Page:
Jul 2, 2011
    I don't want to make you feel worse but I'm concerned for your baby.The atmosphere you are living in do not sound ideal for his/her well being and development.And at the end of the day the baby is your main priority.Do you live in your mum's house or does she live with you?I agree that you should see your GP as a matter of urgency.Also contact social services,tell them you are not coping,that you are caring for a vulnerable adult and that you need help.There are day day centres and care packages designed to help but you will have to be insistent,resources are stretched.Don't waste energy bring angry about your brother,you have made your choices,he has made his which is his right even though it seems so uncaring.One other thing,I think it might be time for residential care.Your mum might not be ready but I think you and your baby probably are.Don't forget that you are just as important as your mum,your baby even more so.Do take care and please,please do get help.
  7. Greycardi

    Greycardi Registered User

    Sep 26, 2015
    Dear Amber,
    well done for helping your Mum so much until now - you have been really kind and caring. when i read your post I think - that could be me in two years' time. It is a warning to me.
    I don't think you should waste your time trying to persuade the invisible brother to change. I have got those kind of people in my family and they will work very hard to protect their own interests, hiding behind their own commitments as an excuse.
    Babies are really demanding and so is your Mum. If you continue as you are, you will pay too high a price. You have to think about yourself and the life you want for your baby and for you. I would suggest sitting down and planning how to transition out of the current setup into a new arrangement which gives you and your baby some space to be yourselves. I have not had to do this part myself but I know there are a lot of TP friends who have and they will have practical ideas. Kindest regards GC.
  8. Morty

    Morty Registered User

    Dec 13, 2016
    Southeast Ireland
    Amber, your doing a great job and you indeed have to put your life on hold but dont despair,your lust for life does return its just a nasty process time and it is tough,been there for 3 years while caring for mum n dad ,thought i was losing it myself but bounced back after i got longterm care for both.Apply for homehelp if you can,and try get some me time even if its half an hour a day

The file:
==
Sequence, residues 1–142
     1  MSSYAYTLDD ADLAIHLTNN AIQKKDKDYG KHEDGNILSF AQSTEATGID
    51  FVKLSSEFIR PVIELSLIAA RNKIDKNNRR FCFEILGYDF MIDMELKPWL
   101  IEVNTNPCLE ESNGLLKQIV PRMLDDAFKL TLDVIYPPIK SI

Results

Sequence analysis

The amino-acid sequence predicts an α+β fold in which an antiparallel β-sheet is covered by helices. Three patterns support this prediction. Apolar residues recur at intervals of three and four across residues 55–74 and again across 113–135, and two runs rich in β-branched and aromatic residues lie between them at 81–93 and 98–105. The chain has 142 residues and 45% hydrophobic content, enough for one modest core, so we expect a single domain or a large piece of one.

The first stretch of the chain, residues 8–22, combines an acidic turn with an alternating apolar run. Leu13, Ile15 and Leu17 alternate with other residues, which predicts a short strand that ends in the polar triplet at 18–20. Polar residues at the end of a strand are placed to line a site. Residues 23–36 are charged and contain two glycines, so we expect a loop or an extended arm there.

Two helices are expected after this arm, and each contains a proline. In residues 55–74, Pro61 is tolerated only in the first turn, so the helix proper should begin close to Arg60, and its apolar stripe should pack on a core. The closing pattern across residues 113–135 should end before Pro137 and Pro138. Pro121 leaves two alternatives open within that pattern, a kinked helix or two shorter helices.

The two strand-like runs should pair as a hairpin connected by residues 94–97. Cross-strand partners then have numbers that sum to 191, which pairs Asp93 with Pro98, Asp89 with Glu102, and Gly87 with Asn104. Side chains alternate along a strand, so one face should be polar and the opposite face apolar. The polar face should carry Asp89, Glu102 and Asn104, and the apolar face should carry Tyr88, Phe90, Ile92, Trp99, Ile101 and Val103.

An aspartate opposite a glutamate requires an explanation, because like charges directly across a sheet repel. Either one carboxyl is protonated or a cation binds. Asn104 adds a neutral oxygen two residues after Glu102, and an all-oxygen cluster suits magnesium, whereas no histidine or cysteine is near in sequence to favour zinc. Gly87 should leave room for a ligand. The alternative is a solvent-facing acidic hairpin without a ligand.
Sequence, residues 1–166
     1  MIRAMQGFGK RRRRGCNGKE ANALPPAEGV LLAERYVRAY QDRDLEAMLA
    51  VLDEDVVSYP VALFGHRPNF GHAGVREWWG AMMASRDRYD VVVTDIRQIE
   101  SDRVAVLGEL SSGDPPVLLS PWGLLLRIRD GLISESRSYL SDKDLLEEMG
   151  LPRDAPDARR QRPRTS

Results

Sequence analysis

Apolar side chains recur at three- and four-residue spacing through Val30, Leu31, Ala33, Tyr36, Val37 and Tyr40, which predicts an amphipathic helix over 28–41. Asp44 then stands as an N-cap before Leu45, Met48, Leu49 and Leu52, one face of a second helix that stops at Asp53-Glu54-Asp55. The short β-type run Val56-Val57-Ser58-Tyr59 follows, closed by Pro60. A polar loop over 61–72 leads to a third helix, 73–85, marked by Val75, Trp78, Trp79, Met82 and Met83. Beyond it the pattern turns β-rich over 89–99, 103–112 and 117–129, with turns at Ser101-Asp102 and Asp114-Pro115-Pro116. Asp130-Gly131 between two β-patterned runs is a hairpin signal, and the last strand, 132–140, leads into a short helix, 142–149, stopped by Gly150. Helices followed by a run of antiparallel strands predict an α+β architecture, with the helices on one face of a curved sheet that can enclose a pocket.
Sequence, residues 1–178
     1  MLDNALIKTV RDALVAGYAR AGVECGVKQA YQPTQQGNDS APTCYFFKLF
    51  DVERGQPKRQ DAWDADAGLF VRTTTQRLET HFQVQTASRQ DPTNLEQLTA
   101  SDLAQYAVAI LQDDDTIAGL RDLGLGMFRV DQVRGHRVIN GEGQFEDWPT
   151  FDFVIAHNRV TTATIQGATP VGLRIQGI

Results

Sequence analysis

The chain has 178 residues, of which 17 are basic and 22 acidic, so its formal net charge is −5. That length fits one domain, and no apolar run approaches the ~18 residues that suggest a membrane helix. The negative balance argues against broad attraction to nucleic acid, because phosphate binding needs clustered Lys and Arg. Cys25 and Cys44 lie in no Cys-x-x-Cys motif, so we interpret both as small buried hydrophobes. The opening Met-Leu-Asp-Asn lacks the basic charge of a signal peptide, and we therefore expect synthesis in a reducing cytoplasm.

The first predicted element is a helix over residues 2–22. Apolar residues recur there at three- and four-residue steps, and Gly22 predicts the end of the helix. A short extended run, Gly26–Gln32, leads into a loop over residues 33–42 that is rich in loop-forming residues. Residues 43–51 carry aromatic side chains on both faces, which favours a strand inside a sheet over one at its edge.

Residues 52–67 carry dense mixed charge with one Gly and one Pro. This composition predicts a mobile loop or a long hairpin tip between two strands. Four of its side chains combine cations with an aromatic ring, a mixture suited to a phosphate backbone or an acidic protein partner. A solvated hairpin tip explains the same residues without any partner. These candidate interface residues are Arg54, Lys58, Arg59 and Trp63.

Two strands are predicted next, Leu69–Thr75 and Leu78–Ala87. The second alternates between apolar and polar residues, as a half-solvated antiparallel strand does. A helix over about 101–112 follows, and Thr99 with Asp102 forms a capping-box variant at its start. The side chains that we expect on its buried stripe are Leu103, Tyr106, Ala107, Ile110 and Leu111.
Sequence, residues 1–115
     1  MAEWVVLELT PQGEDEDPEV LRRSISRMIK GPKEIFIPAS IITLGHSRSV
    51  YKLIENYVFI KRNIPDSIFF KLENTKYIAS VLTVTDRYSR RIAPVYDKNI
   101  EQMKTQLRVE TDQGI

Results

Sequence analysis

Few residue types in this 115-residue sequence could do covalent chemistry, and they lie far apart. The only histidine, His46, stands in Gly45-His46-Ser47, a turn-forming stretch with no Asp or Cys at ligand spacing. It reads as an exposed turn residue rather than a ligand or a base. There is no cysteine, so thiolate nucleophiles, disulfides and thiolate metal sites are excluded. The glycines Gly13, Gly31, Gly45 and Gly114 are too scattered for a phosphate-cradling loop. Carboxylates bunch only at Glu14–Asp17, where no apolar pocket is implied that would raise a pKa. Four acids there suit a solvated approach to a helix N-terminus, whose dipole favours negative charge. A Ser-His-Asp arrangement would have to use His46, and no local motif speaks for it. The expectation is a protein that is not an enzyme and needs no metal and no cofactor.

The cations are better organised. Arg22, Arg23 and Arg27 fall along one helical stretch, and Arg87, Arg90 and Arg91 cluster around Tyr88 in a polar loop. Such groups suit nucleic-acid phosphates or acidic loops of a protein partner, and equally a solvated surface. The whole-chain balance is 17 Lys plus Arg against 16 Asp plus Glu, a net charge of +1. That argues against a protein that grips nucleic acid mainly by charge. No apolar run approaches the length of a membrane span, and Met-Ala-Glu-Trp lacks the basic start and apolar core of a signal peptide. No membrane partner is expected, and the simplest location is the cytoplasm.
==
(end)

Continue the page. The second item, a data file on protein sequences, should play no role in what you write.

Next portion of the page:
9. carrieboo

    carrieboo Registered User

    Feb 1, 2016
    herts uk
    Hello Amber

    Please make an appointment to see your GP, you sound very unhappy. My mum's dementia started when my daughter was young, though not a baby. I struggled to care for them both, plus my 2 older children, but eventually had an emotional 'event' and realised things had to change.

    These are very important years with your baby, please don't miss them. If your mum was 'well' I'm sure she would say the same.

    Try not to dwell on your brother, you're just wasting emotional energy that could be better employed elsewhere and making yourself more unhappy - don't let him do that to you. Some people are able to care and some aren't, it's just the way it is. I'm an only child so have never had the choice to be an 'inivisible' but, believe me, on very difficult days I have fantasised about it.....

    Sending lots of good wishes.
  10. Morty

    Morty Registered User

    Dec 13, 2016
    Southeast Ireland
    Forget that older brother,he will have to live with what he hasn't done thats family for you ,i ignore my brothers n sisters for the way they didnt help me
    Homehelp is good,could be only 1-2 hrs a day but gets you out of the house and go for a walk with baby etc
    Do try stop eating rubbish as this will drag your mood further down,U have to eat properly greens,fruit etc as you are literally your mums life also now
    The carers association may also be able to help which could be a few hours a week
    They wont come knocking on your door,U have to ring them ASAP
    Chin up and get on that phone carers association and nhs homehelp
  11. Morty

    Morty Registered User

    Dec 13, 2016
    Southeast Ireland
    Also i know you wont feel like communicating but there is help out there,not enough but it helps
    Phone friends who might not realise your chronic situation,they may well be able pop in for an hour here n there
    You need to be proactive and organised
    I know its hard but once to start it the gloom will lift imo
    I was seething for ages but after homehelp etc it gets better...
  12. Shedrech

    Shedrech Volunteer Host

    Dec 15, 2012
    hi Amber_31
    what a time of it you're having
    I'm glad you thought to post on TP as you've received lots of thoughtful and helpful responses
    do go have a chat with your own GP, it always helps to let someone know how you are feeling, and your GP may well have ways to support you